Help Victims of Sexual Violence in Ukraine: Marija Pejčinović Burić
Among over seven million refugees so far, 90% are women, girls and children, who are particularly vulnerable to sexual violence and human trafficking.
The Council of Europe (COE) Secretary General, Marija Pejčinović Burić, has said that Europe must help victims of sexual violence in Ukraine. Nine months to the day that war in Ukraine began, there are increasing reports of alleged war crimes, including sexual violence against women and girls.
Sadly, she said, history is repeating itself. Rape and other forms of sexual violence committed by combatants during armed conflict are as old as war itself. “We thus mark this year’s International Day for the Elimination of Violence Against Women (25 November) on a sombre note. But the tremendous assistance offered by many of our member states to millions of forcibly displaced people also gives us hope,” said the Secretary General.
Among over seven million refugees so far, 90% are women, girls and children, who are particularly vulnerable to sexual violence and human trafficking. Victims face horrible humiliation and a wide range of risks, from unwanted pregnancies and sexually transmitted infections to psychological and physical trauma.
In a statement released on November 24, Marija Pejčinović Burić said hospitals and medical doctors need to be equipped to respond to rape as part of a co-ordinated multi-agency response, and medical and forensic examinations must be ensured, as does immediate and longer-term trauma care. Survivors of gender-based violence among refugees need access to this type of support and counselling in a language they feel comfortable in and understand.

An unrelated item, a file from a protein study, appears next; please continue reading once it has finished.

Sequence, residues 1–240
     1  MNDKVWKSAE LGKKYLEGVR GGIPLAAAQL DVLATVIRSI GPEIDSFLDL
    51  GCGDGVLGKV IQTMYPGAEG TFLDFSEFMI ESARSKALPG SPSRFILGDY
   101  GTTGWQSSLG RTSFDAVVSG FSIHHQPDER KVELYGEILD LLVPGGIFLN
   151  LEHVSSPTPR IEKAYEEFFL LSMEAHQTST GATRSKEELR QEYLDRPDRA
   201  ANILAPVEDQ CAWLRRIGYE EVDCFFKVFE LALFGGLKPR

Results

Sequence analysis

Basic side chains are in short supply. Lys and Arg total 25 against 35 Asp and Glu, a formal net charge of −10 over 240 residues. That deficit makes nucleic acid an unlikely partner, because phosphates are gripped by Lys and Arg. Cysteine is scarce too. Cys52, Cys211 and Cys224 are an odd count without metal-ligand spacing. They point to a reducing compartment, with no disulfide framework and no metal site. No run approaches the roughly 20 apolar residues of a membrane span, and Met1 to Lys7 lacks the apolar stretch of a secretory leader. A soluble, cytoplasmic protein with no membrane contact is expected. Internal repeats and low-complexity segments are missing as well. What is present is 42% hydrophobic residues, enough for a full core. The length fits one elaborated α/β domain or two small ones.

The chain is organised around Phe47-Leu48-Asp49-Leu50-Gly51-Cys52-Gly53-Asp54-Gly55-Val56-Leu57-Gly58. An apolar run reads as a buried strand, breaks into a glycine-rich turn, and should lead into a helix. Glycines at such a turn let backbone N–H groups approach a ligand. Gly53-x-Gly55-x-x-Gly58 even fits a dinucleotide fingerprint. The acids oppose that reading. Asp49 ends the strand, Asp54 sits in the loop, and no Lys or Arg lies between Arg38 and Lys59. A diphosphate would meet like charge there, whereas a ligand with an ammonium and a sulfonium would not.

As seen from prior conflicts, specialized counselling will be needed to address enduring trauma to reduce stigma and secondary victimization that can develop over time. Indeed, sexual violence in conflict zones entails both immediate and long-term consequences, as evidenced for example in reports published this month from GREVIO, the Council of Europe’s independent expert body responsible for monitoring implementation of the Council of Europe Convention on preventing and combating violence against women and domestic violence (also known as the Istanbul Convention).
According to the UNHCR, women, girls and children are facing risks of human trafficking, as acknowledged via information obtained from NGOs working with refugees on the ground.
That sexual violence in conflict zones is a global challenge is illustrated in contemporary reports of rape threats against female protestors in Iran for example. Open to countries worldwide, the Council of Europe’s Istanbul Convention recognises this violence as a violation of essential human rights, as well as a form of discrimination against women.
“By providing guidelines to protect victims and punish perpetrators, including in wartime, the Istanbul Convention has become more important than ever, and I encourage countries worldwide to join it,” said the Secretary General.
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